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Septage Management: Situation Analysis and Business Model Assessment in Urban Areas of Indonesia


Indonesia has a total estimated population of more than 250 million people, of which 52% live in urban areas. Overall access to improved sanitation in Indonesia has increased remarkably over the past 25 years. Indonesia has a commitment in the MDG declaration to meet the achievement of 62.41% to improve sanitation by 2015, but the actual improved sanitation rate achieved is still at 62.14%. Despite the remarkable progress, these figures obscure the fact that the vast majority of urban sanitation management systems do not ensure safe separation of human waste from human contact. It is estimated that 95% of the human waste in Indonesia ends up untreated in waterways or marginal land, contaminating the living environment. Poor sanitation conditions are reflected in health conditions and economic development. To continue with this commitment, the Government of Indonesia launched a massive program related to clean water and sanitation that target increasing people's access to adequate sanitation (domestic wastewater, and garbage and drainage environment) to 100% at the level of basic needs in 2019. Especially for wastewater, the Indonesian Government is targeting 85% of 100% target of the domestic wastewater management can be achieved by using local (onsite system) while 15% of its targeted use centralized system. The Indonesian government realizes that the implementation of centralized wastewater management will be facing significant challenges, especially in the aspect of financing. Therefore, the government is only targeting 15% would use a centralized system while the rest will be focused solely on improving the local system. However, the use of local wastewater management system, mainly septic tanks, basically also have a big challenge due to its poor performance. It is estimated that more than 90% of urban households have accessed to private toilet that we often called 'septic tank'. However, majority of on-site systems are not 'standard septic tanks' but unsealed single chamber pits that predominately discharge to the ground. In order to ensure good performance of these tanks or pits, de-sludging at regular interval in accordance with its design and capacity is critical. Lack of appropriate attention, enforce regulations, policies and practical guidelines from both central and especially local governments, and low awareness from local communities in Indonesia created a big challenge for septage management in this country.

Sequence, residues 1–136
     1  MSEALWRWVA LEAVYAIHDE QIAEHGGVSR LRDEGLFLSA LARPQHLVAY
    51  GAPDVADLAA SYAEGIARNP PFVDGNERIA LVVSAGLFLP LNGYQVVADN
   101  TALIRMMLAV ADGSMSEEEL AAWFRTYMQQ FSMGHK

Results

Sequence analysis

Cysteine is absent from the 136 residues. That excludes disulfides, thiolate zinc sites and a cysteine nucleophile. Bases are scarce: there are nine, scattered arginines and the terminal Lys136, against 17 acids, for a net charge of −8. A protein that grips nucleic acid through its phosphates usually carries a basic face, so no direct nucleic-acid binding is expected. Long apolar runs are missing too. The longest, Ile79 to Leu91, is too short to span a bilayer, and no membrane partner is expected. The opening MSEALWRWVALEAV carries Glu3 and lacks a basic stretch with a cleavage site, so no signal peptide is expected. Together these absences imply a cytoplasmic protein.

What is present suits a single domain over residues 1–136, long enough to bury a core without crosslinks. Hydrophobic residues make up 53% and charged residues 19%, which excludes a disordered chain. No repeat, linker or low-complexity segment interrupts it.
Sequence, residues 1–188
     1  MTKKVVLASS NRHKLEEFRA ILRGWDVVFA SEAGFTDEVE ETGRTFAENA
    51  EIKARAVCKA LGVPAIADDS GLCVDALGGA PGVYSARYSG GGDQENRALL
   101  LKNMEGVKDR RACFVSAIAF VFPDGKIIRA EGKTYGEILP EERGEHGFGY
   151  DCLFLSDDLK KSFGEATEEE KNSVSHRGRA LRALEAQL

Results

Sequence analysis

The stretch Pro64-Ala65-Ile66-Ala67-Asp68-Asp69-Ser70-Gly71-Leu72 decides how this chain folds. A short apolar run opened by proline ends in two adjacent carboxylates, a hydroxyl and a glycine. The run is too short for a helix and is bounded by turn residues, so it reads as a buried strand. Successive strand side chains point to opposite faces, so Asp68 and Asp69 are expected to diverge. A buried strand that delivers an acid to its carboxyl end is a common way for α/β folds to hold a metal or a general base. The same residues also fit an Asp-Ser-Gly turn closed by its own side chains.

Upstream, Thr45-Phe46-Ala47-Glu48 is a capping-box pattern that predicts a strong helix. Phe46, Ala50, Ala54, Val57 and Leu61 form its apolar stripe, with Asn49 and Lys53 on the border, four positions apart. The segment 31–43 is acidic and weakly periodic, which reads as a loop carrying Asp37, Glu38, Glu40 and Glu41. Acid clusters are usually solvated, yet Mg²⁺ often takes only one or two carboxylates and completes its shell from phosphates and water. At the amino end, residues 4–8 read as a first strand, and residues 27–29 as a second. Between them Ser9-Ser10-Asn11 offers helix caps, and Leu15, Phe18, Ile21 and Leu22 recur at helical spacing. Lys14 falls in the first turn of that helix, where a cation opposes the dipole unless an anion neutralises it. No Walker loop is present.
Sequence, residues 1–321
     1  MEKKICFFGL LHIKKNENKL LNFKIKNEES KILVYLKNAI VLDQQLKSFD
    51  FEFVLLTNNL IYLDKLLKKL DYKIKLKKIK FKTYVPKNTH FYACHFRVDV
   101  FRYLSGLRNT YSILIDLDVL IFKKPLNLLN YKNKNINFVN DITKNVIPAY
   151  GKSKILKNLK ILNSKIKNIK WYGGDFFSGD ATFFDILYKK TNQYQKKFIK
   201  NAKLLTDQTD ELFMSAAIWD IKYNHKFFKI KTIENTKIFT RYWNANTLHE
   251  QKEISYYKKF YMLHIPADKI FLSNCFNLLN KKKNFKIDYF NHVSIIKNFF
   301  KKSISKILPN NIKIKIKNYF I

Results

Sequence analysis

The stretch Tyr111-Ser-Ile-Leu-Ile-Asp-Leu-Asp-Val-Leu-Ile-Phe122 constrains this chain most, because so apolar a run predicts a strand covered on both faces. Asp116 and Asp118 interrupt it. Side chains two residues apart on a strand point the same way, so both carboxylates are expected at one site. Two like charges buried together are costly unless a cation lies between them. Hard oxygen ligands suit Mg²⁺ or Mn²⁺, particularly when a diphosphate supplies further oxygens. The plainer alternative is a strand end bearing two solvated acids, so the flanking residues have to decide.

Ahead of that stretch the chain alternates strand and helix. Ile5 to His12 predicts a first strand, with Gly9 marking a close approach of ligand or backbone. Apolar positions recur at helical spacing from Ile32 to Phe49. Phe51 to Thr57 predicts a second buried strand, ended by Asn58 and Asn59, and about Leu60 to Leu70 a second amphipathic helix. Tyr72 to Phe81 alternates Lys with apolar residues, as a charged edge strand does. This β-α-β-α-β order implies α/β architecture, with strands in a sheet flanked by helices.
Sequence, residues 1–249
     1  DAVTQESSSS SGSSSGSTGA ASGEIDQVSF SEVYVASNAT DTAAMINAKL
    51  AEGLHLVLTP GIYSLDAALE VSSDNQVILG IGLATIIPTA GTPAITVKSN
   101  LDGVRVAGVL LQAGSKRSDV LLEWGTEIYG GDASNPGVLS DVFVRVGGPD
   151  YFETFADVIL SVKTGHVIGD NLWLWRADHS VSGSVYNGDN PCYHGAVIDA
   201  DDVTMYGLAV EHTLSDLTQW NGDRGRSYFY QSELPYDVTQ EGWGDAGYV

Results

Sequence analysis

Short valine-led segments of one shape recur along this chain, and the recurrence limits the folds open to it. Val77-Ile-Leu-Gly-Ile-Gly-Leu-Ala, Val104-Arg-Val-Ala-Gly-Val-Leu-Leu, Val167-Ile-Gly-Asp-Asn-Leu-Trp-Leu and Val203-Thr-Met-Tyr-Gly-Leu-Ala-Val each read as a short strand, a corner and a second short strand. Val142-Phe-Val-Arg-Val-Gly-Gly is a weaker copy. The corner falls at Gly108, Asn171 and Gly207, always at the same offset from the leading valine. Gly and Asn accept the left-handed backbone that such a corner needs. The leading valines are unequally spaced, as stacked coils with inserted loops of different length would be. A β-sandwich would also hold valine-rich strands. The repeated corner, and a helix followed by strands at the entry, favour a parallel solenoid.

This study aims to carry out comprehensive investigation for a better understanding on the performance of septic tanks as well as septage management at the city level in Indonesia, and seeking for appropriate solutions, including regulatory, institutional, technical, financial, as well as management aspects for further improvement. It has been designed in such a way that could help to bring septage management related issues to both central and local governments, as well as other relevant stakeholders in order to find out the most appropriate and win-win solutions. In addition, the study also evaluated the existing business model for septage management in the studied cities, and seek for suitable models/mechanism for better involvement/encouragement of private sector, as well as community participation in the septage management in Indonesia.

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